Steve Kerr had his Warriors rotation out early in the blowout, before it was assured, which was good to see. First half pushing from Shaun Livingston and David West is always a delight to take in, especially before that halftime crackling from the cartilage sets in.

With their respective 4-12 and 5-13 marks from the field, Dirk Nowitzki and Wesley Matthews are now over 30 percent shooting on the short season.

Philadelphia 97, Detroit 86

At one point in this game Andre Drummond tried a behind-the back pass with his team down 18 at home. A few seconds later his team was down 21 at home.

Drummond (14 points, 14 rebounds, four steals) is a center and he doesn’t provide the most entertaining watch right now. It takes a lot for me to dislike a center, to be upset with you if you have a “(C)” next to your name. Andre has turned himself into the one “(D)” on C-SPAN that voted against a climate change concern bill. He’s the lone mediocre item on the menu with a small, spicy pepper denotation next to it, the one that should be way better than it is. He’s Hunan Shrimp.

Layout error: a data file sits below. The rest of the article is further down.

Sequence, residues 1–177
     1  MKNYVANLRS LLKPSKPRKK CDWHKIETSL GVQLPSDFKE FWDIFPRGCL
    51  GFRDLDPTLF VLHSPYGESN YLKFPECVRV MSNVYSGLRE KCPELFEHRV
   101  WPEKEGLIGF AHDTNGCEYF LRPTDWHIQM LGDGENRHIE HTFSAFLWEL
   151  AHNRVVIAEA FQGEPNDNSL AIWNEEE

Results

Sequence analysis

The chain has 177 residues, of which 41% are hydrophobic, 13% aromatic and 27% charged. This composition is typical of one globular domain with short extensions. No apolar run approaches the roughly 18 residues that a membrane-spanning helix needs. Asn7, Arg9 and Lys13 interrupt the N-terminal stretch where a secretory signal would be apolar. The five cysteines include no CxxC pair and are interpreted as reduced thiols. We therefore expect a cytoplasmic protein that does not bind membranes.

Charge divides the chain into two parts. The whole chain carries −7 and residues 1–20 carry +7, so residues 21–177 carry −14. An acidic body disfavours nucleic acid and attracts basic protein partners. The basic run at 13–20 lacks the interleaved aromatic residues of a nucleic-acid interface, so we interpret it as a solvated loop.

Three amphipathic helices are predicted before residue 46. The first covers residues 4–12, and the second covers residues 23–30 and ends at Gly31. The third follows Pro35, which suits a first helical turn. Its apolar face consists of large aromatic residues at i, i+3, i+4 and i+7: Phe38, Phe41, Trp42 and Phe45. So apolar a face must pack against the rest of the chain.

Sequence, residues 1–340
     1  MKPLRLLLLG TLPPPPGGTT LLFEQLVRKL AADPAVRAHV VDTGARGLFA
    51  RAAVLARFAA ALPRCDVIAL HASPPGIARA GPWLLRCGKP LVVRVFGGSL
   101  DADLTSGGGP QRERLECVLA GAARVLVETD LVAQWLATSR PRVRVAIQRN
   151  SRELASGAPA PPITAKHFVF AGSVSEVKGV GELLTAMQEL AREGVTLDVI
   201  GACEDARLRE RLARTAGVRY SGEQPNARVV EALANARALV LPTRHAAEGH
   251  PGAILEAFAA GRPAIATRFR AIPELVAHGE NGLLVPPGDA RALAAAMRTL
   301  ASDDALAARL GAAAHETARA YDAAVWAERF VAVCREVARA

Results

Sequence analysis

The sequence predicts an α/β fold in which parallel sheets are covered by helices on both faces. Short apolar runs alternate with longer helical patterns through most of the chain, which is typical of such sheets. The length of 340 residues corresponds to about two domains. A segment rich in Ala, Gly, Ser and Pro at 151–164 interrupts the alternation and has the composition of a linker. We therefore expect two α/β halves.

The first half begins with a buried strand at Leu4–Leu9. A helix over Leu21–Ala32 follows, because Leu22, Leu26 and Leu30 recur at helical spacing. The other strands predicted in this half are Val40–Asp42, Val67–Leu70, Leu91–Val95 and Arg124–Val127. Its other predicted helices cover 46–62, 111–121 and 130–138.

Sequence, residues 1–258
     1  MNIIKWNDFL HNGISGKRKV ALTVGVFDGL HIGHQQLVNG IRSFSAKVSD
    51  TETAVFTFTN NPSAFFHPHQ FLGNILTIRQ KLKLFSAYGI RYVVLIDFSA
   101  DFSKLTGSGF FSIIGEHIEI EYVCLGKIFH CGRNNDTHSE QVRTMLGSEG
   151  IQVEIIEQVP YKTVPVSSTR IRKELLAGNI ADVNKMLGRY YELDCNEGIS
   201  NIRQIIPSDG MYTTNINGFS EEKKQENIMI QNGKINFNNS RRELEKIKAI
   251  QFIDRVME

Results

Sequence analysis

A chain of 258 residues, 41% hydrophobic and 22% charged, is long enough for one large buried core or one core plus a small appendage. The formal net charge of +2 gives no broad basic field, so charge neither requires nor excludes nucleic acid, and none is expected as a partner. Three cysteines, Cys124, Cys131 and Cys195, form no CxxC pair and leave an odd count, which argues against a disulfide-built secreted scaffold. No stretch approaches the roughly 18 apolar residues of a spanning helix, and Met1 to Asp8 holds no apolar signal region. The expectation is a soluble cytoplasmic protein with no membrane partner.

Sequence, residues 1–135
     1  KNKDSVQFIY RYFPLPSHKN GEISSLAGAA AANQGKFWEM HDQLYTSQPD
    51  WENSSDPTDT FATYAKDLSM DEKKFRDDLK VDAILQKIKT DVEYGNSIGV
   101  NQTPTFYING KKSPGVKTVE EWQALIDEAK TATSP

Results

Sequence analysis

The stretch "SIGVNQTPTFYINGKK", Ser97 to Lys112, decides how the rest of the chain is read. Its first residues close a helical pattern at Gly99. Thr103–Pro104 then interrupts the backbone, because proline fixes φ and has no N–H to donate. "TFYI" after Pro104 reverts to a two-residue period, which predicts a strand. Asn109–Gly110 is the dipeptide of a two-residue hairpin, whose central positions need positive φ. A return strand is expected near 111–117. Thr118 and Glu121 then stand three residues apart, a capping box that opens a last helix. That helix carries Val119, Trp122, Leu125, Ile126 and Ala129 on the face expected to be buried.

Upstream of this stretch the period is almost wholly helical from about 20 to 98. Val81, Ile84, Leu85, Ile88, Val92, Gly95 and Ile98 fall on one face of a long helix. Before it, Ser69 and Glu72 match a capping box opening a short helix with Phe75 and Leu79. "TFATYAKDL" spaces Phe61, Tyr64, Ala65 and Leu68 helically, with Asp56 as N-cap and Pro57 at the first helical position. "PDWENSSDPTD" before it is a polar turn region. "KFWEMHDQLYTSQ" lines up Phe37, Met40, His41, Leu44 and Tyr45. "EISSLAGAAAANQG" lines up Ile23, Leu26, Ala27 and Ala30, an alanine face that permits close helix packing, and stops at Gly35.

Ben Simmons’ triple-double was everything you’d hope for. He’d extend toward defensive rebounds to startle his Sixers out of a stretch of concern and into a settled possession, but without a sense of bluster in doing so – something that eluded even the greats. Pity, I like bluster. The young man will learn.

He only missed three shots in 11 attempts, turned the ball over four times and added 21 points, 12 rebounds and 10 assists in 33 minutes.
The league (on its website, briefly) made a point to further celebrate the occasion as the first triple-double in the Pistons’ new arena, noting that Michael Jordan notched the first triple-double in the team’s old arena, the late and much-loved Palace of Auburn Hills, all the way back in the same month the Bojan Bogdanovic was born (April, 1989).